Canada 150 Draw at Plum!


Canada turns 150 years old this weekend!

To celebrate, Plum is giving our customers a chance to win $150 cash.

Entering is easy:

  1. Make a purchase of merchandise (i.e. not gift cards) at a Plum store, or our webstore from Friday, June 30 to Monday July 3.
  2. Make sure you complete your purchase with your customer file, and have signed up for Plum's email newsletter.
  3. That's it!


The draw will be made July 6, if you win, you'll be getting a call or email from us! 

Note: Limit 1 entry per customer.

Did you know? Plum is all Canadian and proud to have been in business for 36 years! 







Graphic courtesy of Merlin2525  ... read the full post and reader comments

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A Thousand "Made in Canada" Survey Responses!

Last month we surveyed our customers about Canadian made apparel and below is what we received from over a thousand entries.  It is important to Plum to know this because more than half of our clothing is sewn locally in Canada and it is very difficult for us to accomplish.
It seems important to our customers that they are able to purchase clothing made close to home.  
Here are a few of the summarized results:

Which statement best describes how you feel about Canadian produced clothing?



I honestly never check to see where my clothing is made.


I seldom find Canadian made clothing, so I never think about it.  


I often look for Canadian made clothing to purchase.




Which statement best describes how you think about the value of Canadian made?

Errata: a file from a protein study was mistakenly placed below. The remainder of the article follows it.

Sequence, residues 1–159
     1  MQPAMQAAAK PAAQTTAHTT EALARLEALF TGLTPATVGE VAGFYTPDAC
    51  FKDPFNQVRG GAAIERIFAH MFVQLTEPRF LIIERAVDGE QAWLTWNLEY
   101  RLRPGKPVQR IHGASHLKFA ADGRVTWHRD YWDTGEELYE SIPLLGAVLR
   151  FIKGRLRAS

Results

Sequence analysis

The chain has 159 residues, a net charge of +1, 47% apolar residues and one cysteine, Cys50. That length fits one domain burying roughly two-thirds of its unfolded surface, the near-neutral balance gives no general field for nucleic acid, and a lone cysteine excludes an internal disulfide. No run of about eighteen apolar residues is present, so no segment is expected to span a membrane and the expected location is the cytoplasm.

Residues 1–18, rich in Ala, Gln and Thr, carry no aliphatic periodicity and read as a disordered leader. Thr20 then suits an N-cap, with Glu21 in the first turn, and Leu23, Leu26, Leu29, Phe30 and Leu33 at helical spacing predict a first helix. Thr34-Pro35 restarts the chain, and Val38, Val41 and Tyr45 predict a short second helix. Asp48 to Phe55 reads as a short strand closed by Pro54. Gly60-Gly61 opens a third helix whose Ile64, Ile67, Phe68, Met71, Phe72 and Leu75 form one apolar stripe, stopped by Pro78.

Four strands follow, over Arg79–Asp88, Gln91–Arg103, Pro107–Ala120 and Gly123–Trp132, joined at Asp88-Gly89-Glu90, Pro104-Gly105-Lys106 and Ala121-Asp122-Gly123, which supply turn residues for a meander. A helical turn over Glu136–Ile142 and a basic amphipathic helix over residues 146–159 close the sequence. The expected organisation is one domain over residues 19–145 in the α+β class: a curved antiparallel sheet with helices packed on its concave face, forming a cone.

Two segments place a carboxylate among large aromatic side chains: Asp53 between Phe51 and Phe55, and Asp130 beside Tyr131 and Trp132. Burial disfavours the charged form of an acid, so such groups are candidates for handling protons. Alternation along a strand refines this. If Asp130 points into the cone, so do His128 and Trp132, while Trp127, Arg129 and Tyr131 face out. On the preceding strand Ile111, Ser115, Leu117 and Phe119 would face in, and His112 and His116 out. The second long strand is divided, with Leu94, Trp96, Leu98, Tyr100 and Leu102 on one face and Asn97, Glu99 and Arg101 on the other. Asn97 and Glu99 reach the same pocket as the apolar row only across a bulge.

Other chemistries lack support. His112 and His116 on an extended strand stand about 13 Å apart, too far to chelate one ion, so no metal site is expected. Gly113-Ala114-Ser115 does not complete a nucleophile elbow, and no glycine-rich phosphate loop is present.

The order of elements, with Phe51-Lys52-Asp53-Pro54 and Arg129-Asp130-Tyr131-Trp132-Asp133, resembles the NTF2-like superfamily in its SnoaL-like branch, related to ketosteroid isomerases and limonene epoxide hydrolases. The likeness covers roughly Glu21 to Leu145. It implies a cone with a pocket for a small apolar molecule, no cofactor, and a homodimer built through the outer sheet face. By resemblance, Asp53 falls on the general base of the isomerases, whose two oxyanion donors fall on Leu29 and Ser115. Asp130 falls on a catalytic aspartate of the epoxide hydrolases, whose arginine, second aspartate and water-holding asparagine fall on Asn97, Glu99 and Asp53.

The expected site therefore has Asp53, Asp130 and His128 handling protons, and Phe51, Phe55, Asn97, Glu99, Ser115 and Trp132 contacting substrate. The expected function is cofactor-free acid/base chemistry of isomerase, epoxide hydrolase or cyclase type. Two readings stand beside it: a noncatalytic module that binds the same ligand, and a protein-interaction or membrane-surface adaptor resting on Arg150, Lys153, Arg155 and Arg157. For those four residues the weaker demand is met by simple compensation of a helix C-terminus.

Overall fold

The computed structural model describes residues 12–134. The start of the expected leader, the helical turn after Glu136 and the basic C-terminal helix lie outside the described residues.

I want to buy Canadian made clothing because I think it is better quality.


I want to buy Canadian made clothing if the price is the same as foreign made.


I want to purchase Canadian made clothing because I know that what I pay stays in Canada.  


What does “Made in Canada” clothing mean to you? 



The clothing is sewn in Canada.


The entire garment is made in Canada; fabric is made in Canada, notions are made in Canada, and sewing is done in Canada.  


Note: There are very few fabric mills left in Canada and practically no buttons, zippers or other notions manufactured in Canada making it next to impossible to have a garment completely made here.  However, designing, pattern making, grading, cutting and sewing can all be done locally.  It is our opinion that “Made in Canada” should mean “sewn in Canada” since the alternative would be nearly impossible. 
Thank you to everyone who participated in our survey! Congratulations to our draw winner, Ana!
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